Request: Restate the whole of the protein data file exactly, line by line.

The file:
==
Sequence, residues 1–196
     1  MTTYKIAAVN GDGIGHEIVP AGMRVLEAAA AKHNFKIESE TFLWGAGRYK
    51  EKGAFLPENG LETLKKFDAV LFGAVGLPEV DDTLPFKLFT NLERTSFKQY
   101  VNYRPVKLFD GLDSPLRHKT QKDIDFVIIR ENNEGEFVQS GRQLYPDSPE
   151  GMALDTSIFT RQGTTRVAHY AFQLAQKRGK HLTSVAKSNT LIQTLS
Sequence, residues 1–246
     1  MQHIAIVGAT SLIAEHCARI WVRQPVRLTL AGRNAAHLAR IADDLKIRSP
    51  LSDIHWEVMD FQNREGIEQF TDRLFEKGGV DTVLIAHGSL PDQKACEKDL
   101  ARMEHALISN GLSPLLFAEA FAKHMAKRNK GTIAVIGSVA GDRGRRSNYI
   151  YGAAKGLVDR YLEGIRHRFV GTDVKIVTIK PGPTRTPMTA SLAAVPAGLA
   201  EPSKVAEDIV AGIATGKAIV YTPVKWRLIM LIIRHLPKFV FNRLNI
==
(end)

Sequence, residues 1–196
     1  MTTYKIAAVN GDGIGHEIVP AGMRVLEAAA AKHNFKIESE TFLWGAGRYK
    51  EKGAFLPENG LETLKKFDAV LFGAVGLPEV DDTLPFKLFT NLERTSFKQY
   101  VNYRPVKLFD GLDSPLRHKT QKDIDFVIIR ENNEGEFVQS GRQLYPDSPE
   151  GMALDTSIFT RQGTTRVAHY AFQLAQKRGK HLTSVAKSNT LIQTLS
Sequence, residues 1–246
     1  MQHIAIVGAT SLIAEHCARI WVRQPVRLTL AGRNAAHLAR IADDLKIRSP
    51  LSDIHWEVMD FQNREGIEQF TDRLFEKGGV DTVLIAHGSL PDQKACEKDL
   101  ARMEHALISN GLSPLLFAEA FAKHMAKRNK GTIAVIGSVA GDRGRRSNYI
   151  YGAAKGLVDR YLEGIRHRFV GTDVKIVTIK PGPTRTPMTA SLAAVPAGLA
   201  EPSKVAEDIV AGIATGKAIV YTPVKWRLIM LIIRHLPKFV FNRLNI